COLUMBIA -- Tonight's the night to break the routine. Encourage the kids to stay up late. Let them go out after dark. They might even learn something.
The last total lunar eclipse visible from North America for nearly three years officially begins at 8:43 p.m. But Earth's shadow won't be obvious on the moon for 20 to 30 minutes.
The moon takes 78 minutes to slip completely into the shadow, reaching total eclipse at 10:01 p.m.
Even in totality, the moon is still faintly visible, and that can be the most fascinating part of the eclipse.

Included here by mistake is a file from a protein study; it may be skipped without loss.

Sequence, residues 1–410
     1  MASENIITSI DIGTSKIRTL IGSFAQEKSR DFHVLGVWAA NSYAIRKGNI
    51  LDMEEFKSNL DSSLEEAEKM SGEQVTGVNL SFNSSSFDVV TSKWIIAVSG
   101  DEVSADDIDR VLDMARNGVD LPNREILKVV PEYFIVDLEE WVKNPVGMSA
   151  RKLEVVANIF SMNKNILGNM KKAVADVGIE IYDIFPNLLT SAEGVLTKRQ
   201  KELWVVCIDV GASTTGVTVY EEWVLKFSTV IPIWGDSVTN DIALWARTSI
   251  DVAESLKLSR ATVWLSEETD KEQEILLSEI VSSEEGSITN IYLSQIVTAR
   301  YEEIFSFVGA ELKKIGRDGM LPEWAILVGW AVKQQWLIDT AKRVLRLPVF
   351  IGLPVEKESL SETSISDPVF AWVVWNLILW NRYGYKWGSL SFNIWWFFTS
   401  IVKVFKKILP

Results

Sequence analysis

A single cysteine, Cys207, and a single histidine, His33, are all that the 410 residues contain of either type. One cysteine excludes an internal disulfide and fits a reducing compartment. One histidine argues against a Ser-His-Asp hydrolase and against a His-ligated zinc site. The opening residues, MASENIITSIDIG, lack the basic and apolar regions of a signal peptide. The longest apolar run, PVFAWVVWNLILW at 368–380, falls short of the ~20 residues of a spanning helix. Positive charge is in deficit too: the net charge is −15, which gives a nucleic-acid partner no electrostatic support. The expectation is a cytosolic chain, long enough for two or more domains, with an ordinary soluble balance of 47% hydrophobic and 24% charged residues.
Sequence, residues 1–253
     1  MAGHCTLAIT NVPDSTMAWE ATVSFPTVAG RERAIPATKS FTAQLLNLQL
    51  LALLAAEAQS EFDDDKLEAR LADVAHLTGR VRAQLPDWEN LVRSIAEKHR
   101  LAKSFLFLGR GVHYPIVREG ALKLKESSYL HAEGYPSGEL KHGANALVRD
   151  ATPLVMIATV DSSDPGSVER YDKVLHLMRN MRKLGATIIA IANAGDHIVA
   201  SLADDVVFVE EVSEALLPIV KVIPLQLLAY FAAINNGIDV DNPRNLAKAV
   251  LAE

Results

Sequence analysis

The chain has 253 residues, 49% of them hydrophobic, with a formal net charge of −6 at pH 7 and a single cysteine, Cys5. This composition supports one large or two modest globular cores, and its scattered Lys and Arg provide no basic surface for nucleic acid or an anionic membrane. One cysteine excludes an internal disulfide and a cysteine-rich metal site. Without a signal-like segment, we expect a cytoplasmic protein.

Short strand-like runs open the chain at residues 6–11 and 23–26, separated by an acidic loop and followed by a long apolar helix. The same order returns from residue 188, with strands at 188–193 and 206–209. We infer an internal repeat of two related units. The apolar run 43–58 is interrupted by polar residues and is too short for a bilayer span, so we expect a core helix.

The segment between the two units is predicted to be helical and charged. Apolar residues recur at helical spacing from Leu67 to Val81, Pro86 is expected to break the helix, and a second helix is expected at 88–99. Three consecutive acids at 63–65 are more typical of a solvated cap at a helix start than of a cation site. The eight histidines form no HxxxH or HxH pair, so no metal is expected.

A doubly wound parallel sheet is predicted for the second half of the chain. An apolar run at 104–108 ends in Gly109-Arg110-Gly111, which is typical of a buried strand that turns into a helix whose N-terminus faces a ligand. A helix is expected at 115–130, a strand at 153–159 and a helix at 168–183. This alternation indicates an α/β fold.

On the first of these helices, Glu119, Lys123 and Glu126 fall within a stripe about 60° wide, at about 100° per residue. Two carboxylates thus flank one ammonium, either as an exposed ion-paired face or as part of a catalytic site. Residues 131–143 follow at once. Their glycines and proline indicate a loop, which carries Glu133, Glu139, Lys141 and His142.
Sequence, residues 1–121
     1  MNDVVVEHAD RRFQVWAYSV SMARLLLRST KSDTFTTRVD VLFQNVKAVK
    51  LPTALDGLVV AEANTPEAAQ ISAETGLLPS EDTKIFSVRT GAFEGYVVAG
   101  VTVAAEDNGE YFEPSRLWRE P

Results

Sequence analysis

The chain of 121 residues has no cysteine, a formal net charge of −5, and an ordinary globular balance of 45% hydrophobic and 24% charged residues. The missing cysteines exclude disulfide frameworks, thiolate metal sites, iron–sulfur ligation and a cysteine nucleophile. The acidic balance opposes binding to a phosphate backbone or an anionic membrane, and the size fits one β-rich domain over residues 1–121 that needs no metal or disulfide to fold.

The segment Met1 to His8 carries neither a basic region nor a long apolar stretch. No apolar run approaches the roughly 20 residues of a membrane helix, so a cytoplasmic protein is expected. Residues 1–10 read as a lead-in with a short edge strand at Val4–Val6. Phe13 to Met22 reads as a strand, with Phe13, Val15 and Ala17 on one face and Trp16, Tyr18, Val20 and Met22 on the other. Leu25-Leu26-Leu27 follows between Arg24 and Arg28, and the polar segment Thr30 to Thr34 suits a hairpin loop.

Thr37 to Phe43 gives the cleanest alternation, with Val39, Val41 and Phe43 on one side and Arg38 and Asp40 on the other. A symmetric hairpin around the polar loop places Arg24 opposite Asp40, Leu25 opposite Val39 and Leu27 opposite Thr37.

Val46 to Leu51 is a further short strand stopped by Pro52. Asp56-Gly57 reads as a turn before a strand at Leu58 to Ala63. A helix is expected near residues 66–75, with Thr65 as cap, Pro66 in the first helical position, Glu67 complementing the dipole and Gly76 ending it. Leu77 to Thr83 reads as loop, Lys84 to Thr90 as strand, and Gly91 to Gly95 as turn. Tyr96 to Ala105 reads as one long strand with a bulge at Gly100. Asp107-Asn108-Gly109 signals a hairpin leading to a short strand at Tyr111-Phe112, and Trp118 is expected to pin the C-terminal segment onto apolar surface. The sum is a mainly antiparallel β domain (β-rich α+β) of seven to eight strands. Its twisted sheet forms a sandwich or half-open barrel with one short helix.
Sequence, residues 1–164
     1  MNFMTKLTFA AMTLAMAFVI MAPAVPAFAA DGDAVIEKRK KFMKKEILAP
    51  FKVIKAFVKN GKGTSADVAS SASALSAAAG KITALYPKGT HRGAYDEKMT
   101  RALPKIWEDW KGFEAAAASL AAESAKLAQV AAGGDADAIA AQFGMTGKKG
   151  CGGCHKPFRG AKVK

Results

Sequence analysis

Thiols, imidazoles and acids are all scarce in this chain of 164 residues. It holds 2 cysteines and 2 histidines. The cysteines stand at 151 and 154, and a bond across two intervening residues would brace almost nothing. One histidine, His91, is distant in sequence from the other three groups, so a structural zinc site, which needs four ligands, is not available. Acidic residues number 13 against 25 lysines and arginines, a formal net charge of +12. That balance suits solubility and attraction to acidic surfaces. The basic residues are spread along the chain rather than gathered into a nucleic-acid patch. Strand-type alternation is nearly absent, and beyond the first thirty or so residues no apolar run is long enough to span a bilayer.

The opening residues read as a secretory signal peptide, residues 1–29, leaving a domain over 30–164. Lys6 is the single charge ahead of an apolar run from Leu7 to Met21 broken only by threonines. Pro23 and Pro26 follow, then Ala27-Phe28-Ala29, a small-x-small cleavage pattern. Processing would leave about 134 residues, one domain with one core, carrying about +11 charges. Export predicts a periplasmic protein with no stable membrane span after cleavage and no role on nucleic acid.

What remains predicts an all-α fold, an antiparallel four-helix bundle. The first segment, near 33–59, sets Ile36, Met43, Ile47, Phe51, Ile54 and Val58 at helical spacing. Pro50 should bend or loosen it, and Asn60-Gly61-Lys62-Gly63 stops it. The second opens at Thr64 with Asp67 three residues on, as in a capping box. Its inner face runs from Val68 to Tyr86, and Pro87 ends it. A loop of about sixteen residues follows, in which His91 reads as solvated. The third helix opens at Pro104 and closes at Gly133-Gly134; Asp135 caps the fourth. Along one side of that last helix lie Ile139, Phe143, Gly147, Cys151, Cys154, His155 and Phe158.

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Traces of sunlight bend through the Earth's atmosphere, and the same phenomenon that makes sunrises and sunsets colorful throws faint color on the eclipsed moon. It's usually reddish but can take on other tones.
Before you put the groggy kids to bed, note the bright object to the left and down from the moon. That's Saturn. And the bright star just above the moon is Regulus, part of the Leo constellation.
The moon will begin re-emerging around 10:52 p.m., and it will be full again by 12:09 a.m.
If clouds hide the show, mark the calendar for the next one -- Dec. 20, 2010.